Talking Lines: The Graphic Stories of R. O. Blechman. (Drawn & Quarterly) $29.95
If Vonnegut had concentrated his genius on cartooning, he might have become a Blechman. Born just eight years after the German-American slaughterhouse survivor, Blechman is the undisputed king of the minimalist, political, and funny comics narrative. Interestingly, D&Q has chosen to call his work “Graphic Stories,” which basically means that they refuse to recognize the boundaries of the comics frame. Stand-outs include “The Gilded Age,” which pokes fun at contemporary art (“Roll over, Damien Hirst!”), celebrity, and consumerism, by literally interpreting the 1960s R. Crumb quote, “What’s the price of shit today?” Less humorous but equally compelling, his 2004 “Nobody Loves a Liberator,” from the New York Times, is a truly prophetic vision of the U.S. occupation of Iraq.
Generously introduced by Seth, the volume also includes an interview transcript with Blechman, in which he proves to be as humble as his drawings. After explaining his motivation for early cartooning—a neighbor girl that painted—he says,
I always felt that my skills, such as they are, are as much literary as visual—maybe even more literary than visual, because I always enjoyed language a lot. As for my drawing skills, if I work hard I can do very well. But I am very lazy, and I am not interested in art that much. I’m really not. I mean, I love it, but unless someone says, “Go do,” I don’t.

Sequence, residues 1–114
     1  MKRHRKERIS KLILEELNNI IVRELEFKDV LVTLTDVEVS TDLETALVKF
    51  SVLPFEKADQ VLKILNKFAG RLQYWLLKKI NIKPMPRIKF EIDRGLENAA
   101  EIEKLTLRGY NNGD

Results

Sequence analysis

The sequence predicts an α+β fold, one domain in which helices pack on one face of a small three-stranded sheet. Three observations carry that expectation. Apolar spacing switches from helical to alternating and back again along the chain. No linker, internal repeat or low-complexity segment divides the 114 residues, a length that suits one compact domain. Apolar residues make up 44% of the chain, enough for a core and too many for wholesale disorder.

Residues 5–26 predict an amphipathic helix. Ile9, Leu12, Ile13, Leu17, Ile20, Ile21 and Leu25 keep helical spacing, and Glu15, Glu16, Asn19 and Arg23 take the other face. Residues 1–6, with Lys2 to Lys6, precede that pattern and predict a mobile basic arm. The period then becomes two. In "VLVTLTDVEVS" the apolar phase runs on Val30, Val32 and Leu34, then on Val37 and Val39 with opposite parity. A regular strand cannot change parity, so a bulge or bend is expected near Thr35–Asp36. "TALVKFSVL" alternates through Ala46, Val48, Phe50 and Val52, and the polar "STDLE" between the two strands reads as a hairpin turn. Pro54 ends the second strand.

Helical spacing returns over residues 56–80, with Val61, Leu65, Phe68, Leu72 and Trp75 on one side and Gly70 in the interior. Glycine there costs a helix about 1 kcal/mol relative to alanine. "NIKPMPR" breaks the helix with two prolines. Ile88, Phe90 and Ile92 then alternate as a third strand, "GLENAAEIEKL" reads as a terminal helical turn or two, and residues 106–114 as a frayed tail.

The comics as literature debate is boringly old—Blechman’s stories have proved comics belong for over fifty years, as especially fine specimens of contemporary literature. An excellent selection even for those who, opposite Blechman, aren’t interested in literature that much.
How to Be Innapropriate, Daniel Nester. (Soft Skull Press) $14.95
Daniel Nester epitomizes Generation Y humor without allowing it to limit the boundaries of his literary output. The editors of McSweeney’s would snicker approvingly, but Nester’s book doesn’t end—like their online columns—in irony. Despite containing a chapter on mooning, a doctored transcript of an interview between Terry Gross and Gene Simmons (in which all Simmons’ answers have been replaced by an artificial intelligence chatbot), a literary portrait of video gamer Todd Rogers, and mock ESL exercises, the book somehow comes across as as honest a portrait of himself as Nester could manage. And that’s no condescension: the book is heartbreakingly funny. Nester proves that being honest is about as inappropriate as you can possibly be.
The book ends with a chapter titled “Timeline of the Author’s Inappropriate Acts, Selected c. 1968 – Present…” a bullet point list that documents his notably inappropriate actions since 1968, including the birth of “American actress and author (Stori Telling)” Tori Spelling. In 1970, Nester “Wedges wet Cheerios inside own nostrils until unable to breathe” and “Hides own feces inside training pants under bed.” By 2009, he “Recommends to students to apply to MFA creative writing programs” and “Trumpets own improprieties to advance writing career.” While Wet Cheerios and MFAs may be the stuff that inappropriateness is made of, Nester’s sustained trumpeting is equal parts artifice and honesty, exploring their intrinsic connection with humor, grace, and farting.